Editorials

Protesting is fine, but where does Tacoma anti-Nazi group go next?

About 3 dozen people gathered on E 72nd Street in Tacoma, Wash., Friday, June 23, 2018, to protest the flying of Nazi flags at a Tacoma tattoo establishment.
About 3 dozen people gathered on E 72nd Street in Tacoma, Wash., Friday, June 23, 2018, to protest the flying of Nazi flags at a Tacoma tattoo establishment. dmontesino@thenewstribune.com

Even in these divisive times there’s one thing we should all agree on: White supremacists, neo-Nazis and other bigots don’t get a free pass around here — not in Tacoma, not in our rural and suburban communities, not anywhere.

Enter Tacoma Against Nazis, or TAN, whose name is synonymous with their mission. The growing coalition aims to combat the early-warning signs of hate brewing in our community.

They have cause for concern: In early July, inflammatory posters were found glued to downtown Tacoma utility poles, urging citizens to report any suspected illegal aliens to the federal government and to “Keep America American.”

The posters were clearly intended to intimidate. One made it to the door of the city’s lesbian, gay, bisexual and transgender resource center. The posters included the web address of a Texas-based group that seeks to keep America’s “pan-European identity.”

It’s a message so antithetical to our diverse corner of the country, we can’t blame people for organizing against it. Now we encourage them to go deeper into the public discourse.

As defenders of free speech, we occasionally stand up for some pretty odious stuff, and that includes the First Amendment rights of groups that identify as white nationalists. But we don’t support the content of their intolerant messaging, born of ignorance and insecurity. Neither does the majority of clear-headed Tacomans.

When TAN got word that a South Tacoma tattoo parlor was allegedly owned by a member of the Northwest Hammerskins — which the Southern Poverty Law Center categorizes as a hate group — TAN members first protested near the shop.

The shop’s co-owner denies the accusation, but that hasn’t stopped people from standing out front with anti-Nazi signs on at least two occasions. (More are scheduled.) Among the demonstrators are politicians including state Rep. Laurie Jinkins, D-Tacoma, and Tacoma City Council members Catherine Ushka and Justin Camarata.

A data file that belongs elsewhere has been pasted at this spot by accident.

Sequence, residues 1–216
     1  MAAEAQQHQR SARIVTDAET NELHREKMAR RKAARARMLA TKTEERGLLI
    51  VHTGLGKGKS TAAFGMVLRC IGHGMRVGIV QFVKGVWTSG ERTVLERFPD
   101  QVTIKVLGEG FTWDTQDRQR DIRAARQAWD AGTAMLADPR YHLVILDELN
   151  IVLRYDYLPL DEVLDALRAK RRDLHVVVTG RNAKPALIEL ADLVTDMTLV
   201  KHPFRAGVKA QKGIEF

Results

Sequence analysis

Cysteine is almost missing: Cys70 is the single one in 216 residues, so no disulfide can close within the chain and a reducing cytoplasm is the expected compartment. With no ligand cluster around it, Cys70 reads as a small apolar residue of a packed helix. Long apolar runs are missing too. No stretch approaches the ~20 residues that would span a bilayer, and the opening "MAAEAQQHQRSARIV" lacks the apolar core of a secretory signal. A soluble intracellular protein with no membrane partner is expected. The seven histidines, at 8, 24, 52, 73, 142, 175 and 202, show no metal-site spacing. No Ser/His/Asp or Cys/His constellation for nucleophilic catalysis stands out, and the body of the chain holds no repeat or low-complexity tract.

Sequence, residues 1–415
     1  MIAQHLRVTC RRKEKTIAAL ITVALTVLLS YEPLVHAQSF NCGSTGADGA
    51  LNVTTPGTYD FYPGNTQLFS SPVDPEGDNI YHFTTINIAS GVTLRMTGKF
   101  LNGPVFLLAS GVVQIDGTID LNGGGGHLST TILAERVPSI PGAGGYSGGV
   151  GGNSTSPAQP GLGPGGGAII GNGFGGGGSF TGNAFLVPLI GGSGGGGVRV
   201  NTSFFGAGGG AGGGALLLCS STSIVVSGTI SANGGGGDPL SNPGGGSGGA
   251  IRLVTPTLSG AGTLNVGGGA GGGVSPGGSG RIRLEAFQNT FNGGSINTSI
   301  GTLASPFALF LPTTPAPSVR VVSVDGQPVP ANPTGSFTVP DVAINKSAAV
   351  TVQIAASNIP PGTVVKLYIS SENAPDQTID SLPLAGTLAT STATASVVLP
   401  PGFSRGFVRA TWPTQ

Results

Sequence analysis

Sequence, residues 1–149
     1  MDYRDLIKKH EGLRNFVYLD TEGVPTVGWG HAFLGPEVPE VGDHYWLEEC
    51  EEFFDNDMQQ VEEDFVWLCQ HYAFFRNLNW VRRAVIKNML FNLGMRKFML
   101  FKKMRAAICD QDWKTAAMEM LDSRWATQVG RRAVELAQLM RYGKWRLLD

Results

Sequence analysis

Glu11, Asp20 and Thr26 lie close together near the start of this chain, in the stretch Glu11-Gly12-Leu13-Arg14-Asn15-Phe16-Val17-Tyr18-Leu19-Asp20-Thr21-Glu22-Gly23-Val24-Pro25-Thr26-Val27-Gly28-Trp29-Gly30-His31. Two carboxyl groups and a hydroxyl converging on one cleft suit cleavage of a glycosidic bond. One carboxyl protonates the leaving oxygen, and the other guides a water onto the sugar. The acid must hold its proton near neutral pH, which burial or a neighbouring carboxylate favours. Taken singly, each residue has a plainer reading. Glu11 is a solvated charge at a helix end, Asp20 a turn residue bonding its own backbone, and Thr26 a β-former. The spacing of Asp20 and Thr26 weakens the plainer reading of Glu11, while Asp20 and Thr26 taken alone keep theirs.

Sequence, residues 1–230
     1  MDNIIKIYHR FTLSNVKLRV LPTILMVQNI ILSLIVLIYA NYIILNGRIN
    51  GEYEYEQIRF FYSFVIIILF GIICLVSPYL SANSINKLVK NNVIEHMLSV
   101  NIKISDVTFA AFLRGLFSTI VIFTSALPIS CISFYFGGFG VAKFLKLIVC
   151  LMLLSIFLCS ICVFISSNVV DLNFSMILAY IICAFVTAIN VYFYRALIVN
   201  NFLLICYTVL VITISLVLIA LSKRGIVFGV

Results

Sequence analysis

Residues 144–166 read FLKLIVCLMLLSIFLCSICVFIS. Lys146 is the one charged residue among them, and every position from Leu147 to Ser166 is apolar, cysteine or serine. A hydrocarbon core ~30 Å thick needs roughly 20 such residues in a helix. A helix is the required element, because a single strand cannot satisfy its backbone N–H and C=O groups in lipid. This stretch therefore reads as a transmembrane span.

TAN also raised funds and leased a billboard less than a mile away. “There are Nazis living in our neighborhood” warned the message above 72nd and Pacific Avenue.

Then the billboard was vandalized. The word “Nazis” was replaced with “Illegal Aliens,” plus a logo for a white supremacist group, the same one taking credit for the anti-immigrant posters. The billboard has since been restored to its original message.

We applaud TAN’s fast and unified response, and kudos to them for educating the public about symbols appropriated by the white power movement. But this battle of the billboards makes us wonder if TAN’s well-meaning protests are giving oxygen to these hatemongers.

If local white nationalists were looking for an opportunity to play the victim card, they got one. When TAN showed up Saturday, a handful of counter-protesters stood under a sign that read “White lives matter.”

There’s no question the current national atmosphere of partisan polarization is fueling fervor on both sides.

But arguing on street corners is no substitute for substantive discussion. Partnering with local schools, churches, university speakers bureaus and organizations such as City Club of Tacoma could help promote understanding, empathy and justice in a non-confrontational setting.

TAN got the conversation started, but it needs to continue with messages that reverberate beyond chants, pithy posters and a closed Facebook group.

As philosopher and Holocaust survivor Elie Wiesel said: “When language fails, violence becomes a language.”

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